Every holiday has its own unique flavor of maimings and maulings, and as we approach Halloween, a government agency has a warning: beware of pumpkin lacerations.
The US Consumer Product Safety Commission (CPSC) is in charge of keeping us safe from our own belongings, and its Twitter account often posts darkly funny warnings about common hazards, particularly around the holidays. For Christmas, the commission rolls out burning trees. At the Fourth of July, we can watch fireworks decapitate and dismember dummies. And for Halloween, apparently, we get a cringing pumpkin that warns us about the dangers of slicing up its fellow gourds.
The writer of this warning was not available for comment, so we do not know if they are, in fact, a pumpkin. But cuts from carving jack-o’-lanterns and burns from catching costumes on fire really do top the list of injuries on Halloween, according to a CPSC fact sheet.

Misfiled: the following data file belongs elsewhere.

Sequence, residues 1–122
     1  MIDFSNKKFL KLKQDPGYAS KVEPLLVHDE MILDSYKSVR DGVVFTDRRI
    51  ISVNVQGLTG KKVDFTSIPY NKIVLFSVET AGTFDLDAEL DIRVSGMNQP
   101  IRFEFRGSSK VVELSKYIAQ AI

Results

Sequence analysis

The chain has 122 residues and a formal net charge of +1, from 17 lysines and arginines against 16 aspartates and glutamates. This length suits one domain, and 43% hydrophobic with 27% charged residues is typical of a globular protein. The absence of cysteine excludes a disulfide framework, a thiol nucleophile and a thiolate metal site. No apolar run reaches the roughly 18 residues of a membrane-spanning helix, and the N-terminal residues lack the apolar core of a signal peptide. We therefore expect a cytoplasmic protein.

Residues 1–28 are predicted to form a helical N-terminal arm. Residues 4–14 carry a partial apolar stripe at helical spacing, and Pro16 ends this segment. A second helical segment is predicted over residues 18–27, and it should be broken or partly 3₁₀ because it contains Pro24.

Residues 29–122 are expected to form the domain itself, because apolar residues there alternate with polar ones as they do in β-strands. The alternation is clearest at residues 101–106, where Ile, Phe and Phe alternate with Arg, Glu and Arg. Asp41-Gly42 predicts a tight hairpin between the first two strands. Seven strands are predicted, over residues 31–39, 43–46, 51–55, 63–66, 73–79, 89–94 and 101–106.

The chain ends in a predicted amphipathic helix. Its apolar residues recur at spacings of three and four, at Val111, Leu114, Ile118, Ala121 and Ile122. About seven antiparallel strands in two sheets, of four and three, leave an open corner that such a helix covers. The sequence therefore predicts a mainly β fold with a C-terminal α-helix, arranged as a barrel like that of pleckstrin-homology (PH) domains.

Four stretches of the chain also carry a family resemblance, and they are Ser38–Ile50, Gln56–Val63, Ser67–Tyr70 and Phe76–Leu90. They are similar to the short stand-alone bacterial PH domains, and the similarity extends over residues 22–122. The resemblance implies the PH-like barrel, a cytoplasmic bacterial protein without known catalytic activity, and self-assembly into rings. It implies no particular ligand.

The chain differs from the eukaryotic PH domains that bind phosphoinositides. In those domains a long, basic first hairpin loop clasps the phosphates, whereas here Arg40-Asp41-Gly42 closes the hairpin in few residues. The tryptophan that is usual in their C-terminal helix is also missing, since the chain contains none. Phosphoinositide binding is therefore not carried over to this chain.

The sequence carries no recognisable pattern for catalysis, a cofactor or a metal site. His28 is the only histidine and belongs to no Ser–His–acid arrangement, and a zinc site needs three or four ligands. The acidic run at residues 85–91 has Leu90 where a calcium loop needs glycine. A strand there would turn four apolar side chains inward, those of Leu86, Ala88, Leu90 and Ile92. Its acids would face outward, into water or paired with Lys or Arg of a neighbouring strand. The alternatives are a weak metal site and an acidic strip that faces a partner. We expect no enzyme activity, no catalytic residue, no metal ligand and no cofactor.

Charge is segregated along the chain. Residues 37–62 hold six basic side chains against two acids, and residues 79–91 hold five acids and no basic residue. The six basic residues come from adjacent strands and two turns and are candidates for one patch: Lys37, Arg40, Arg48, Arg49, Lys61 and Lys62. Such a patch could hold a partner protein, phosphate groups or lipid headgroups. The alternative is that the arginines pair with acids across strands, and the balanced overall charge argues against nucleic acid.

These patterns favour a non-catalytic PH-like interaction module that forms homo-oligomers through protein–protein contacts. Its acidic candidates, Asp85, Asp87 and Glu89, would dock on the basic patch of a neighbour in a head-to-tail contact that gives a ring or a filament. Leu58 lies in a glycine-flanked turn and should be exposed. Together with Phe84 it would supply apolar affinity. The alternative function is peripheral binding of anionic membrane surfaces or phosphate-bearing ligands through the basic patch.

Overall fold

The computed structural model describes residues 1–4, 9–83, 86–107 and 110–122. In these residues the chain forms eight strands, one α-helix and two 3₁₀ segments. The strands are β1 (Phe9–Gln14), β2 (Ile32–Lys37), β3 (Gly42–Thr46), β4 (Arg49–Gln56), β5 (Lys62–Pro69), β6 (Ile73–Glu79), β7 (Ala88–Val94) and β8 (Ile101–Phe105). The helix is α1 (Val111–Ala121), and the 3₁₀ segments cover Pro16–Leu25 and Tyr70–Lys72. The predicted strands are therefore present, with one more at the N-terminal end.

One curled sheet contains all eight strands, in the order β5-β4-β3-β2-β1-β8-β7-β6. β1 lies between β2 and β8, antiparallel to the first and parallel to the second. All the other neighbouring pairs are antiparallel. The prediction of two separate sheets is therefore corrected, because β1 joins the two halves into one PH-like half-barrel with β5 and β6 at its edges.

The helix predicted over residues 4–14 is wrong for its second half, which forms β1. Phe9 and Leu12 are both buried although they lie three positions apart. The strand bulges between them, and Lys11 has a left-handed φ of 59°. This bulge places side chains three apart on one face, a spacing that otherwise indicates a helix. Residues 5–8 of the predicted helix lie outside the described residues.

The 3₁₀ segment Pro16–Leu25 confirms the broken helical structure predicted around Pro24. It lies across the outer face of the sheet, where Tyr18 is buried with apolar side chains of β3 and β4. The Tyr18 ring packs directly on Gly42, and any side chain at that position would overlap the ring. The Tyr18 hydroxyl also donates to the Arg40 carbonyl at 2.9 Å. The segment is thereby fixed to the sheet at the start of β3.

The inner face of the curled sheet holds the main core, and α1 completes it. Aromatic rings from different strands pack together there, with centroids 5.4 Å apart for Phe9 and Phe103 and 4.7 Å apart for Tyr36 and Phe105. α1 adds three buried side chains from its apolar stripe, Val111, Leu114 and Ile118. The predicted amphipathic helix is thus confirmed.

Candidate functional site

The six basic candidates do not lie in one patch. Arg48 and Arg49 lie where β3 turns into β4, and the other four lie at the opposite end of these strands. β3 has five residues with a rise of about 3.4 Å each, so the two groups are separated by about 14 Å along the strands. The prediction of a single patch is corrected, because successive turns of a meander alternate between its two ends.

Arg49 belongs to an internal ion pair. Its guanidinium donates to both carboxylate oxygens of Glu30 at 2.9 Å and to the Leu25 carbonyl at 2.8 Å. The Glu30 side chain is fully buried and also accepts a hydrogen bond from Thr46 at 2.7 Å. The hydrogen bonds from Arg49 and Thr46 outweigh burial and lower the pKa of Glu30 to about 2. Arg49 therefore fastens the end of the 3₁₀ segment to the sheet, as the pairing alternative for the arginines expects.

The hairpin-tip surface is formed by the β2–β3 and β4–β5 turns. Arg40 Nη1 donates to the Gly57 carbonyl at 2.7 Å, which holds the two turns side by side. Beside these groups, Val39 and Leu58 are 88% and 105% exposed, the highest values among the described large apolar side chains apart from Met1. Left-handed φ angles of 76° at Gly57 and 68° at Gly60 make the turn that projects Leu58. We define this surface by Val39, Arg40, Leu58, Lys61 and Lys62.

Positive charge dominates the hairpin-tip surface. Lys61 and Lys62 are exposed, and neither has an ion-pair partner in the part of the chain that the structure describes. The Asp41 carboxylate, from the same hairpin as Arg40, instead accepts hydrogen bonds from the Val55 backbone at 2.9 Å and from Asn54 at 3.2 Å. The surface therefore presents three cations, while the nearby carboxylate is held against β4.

The good news is that the CPSC has some tips for how to avoid what it calls “doing a hatchet job to fingers.” One guideline is to not give kids sharp things — which seems like a good rule of thumb, if you want them to keep their thumbs. The bad news is that even if you go with a faux-pumpkin, there’s a risk of getting sliced: last year, Pier 1 imports had to recall thousands of glass pumpkins due to a “laceration hazard.” (Who’d have guessed?)
But here’s the best news: we have more dire warnings about holiday-related injuries to look forward to when the CPSC rolls out its flaming, deep-fried turkeys for Thanksgiving. The holidays are a joyous time of year.